Contrast that to the Warren Court (again, quoting Campos):
Chief Justice Earl Warren had been a three-term governor of California. Hugo Black and Sherman Minton had served in the Senate. Harold Burton was a former mayor of Cleveland. Stanley Reed had been in the Kentucky legislature, and was appointed by FDR to run the Reconstruction Finance Corporation at the height of the Great Depression. William Douglas was chairman of the Securities & Exchange Commission. Tom Clark had been a Texas district attorney.

Even the most academic member of the court, former Harvard Law professor Felix Frankfurter, had been deeply involved in nuts-and-bolts Progressive era and New Deal politics for decades.

The educational backgrounds of the justices were as varied as their careers. They graduated from state law schools all across the country, including Indiana, Alabama, Texas, and California. (Reed never even received a law degree.) Most of them served in the military, and three saw combat during World War I.
One of the things I've always liked about the Roman Republic is that patricians were expected to be able to fill magisterial roles of all types: lawyers, accountants, logisticians, warriors, judges, mayors, civil engineers. A man on the rise would oversee some infrastructure construction, govern a settlement in the provinces, subdue a barbarian tribe, and so on with a new job every couple of years as he worked up the ladder. I don't necessarily want Scalia to be able to lay out a highway, or Bernanke to be able to organize grain shipments, or -- Lord forbid! -- Pelosi to be able to command an anti-piracy fleet, but I still find it admirable how much a Roman of the leadership classes was expected to be able to do. We expect our judges to be career judges, and our legislators to be career legislators, and so on.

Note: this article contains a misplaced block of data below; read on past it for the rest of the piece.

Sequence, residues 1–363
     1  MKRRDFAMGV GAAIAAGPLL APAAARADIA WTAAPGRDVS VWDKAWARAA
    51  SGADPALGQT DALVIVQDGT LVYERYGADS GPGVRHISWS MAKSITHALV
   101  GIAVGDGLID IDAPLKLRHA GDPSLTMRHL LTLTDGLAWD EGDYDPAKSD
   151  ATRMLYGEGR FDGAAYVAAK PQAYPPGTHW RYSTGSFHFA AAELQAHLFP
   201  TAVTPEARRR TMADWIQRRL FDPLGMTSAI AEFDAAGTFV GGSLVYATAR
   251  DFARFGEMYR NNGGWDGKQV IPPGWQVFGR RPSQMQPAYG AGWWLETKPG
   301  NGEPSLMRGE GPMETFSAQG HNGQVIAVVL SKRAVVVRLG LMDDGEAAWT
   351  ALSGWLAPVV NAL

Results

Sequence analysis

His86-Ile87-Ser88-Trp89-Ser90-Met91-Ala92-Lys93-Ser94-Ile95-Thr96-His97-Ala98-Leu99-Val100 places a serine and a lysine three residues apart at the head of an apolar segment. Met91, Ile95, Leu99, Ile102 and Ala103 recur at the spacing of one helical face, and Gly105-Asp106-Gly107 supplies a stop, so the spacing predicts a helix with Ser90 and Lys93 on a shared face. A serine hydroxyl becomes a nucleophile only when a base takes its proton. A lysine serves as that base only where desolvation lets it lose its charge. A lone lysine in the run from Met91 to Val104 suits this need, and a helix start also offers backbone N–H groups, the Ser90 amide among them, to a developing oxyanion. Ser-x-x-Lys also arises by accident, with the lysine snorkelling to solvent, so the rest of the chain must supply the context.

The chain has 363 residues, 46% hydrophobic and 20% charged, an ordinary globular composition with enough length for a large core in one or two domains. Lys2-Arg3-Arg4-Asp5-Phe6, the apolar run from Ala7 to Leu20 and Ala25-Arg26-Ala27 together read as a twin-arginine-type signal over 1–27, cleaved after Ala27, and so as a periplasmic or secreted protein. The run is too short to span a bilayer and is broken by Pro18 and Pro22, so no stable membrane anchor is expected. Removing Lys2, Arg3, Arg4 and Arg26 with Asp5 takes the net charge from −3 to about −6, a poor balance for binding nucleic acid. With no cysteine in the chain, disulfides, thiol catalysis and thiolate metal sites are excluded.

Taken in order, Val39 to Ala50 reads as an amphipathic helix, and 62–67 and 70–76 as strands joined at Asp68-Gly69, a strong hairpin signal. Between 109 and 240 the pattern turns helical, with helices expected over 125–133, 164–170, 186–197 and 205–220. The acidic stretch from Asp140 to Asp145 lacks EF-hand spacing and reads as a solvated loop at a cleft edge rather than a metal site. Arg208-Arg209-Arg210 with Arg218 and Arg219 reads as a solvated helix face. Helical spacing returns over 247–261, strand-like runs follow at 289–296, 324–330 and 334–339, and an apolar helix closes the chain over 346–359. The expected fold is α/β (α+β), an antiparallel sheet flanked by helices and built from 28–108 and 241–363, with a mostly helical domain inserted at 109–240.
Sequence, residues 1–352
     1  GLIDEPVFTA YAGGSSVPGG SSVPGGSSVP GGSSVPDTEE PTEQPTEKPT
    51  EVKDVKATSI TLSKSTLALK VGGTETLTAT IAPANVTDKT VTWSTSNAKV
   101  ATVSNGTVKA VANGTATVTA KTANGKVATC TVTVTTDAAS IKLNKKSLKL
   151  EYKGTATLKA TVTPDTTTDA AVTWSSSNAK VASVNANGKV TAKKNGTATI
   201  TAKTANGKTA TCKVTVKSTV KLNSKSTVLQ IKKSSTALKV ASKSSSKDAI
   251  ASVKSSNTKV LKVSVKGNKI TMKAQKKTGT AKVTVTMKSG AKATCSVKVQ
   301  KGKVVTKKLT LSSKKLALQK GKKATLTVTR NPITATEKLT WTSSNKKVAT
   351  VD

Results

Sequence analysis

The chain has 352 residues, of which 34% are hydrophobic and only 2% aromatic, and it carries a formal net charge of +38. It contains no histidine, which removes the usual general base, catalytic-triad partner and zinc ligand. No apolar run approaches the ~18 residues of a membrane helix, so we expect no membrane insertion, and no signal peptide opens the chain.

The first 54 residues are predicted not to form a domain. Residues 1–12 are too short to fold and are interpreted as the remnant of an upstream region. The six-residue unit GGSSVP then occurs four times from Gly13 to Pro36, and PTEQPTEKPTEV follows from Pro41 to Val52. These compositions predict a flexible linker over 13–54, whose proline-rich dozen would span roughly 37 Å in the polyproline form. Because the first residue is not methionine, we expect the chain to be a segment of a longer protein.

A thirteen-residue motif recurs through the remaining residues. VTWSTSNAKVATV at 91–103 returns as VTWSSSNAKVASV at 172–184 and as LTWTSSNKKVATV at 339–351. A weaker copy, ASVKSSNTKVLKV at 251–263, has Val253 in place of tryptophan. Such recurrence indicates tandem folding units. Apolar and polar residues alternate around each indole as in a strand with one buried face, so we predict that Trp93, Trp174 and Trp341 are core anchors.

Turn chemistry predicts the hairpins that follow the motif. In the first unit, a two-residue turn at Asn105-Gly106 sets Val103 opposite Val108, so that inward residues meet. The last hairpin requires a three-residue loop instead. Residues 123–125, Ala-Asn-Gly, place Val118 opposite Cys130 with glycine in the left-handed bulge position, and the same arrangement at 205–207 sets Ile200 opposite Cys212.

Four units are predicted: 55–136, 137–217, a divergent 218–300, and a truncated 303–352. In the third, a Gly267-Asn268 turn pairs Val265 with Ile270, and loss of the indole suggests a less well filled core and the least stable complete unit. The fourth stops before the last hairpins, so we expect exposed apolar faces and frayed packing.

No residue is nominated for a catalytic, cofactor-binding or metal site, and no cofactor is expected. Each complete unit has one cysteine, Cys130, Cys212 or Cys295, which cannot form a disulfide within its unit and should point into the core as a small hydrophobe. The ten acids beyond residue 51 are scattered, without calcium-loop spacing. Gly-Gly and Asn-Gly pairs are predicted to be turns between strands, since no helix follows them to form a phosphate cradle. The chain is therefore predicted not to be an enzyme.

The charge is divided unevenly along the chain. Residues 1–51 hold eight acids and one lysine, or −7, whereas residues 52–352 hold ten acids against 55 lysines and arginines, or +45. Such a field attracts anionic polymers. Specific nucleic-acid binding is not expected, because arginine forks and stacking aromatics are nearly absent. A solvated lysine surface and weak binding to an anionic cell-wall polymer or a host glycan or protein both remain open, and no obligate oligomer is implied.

I have no idea whether all the different backgrounds of former justices helped them to reach better decisions or not, but it's certainly worth asking ourselves about diversity of career paths whilst we get all bent up about diversity of ethnicity and religion.

* I'm putting that in quotes not to scare people or sneer, but because I think the issue of what aspects of diversity you care about is so important to the matter that when you ignore that issue phrases like representative of the diversity of America don't convey any information anymore.

1 comment:

  1. I hadn't considered professional diversity but it certainly deserves some consideration. Undergraduate education is considered in applications for law school, at least partially to make sure that not every L1 is a criminal justice minor. Also patent attorneys tend to have BAs or BSs in Engineering, Biology or one of the other sciences. Similarly a lot JDs are med school graduates if they want to go into a related field (malpractice, hospital etc). I don't think it's at all absurd to ask for some non-law work experience on the bench so that the opinions coming down are informed by more than expert witnesses.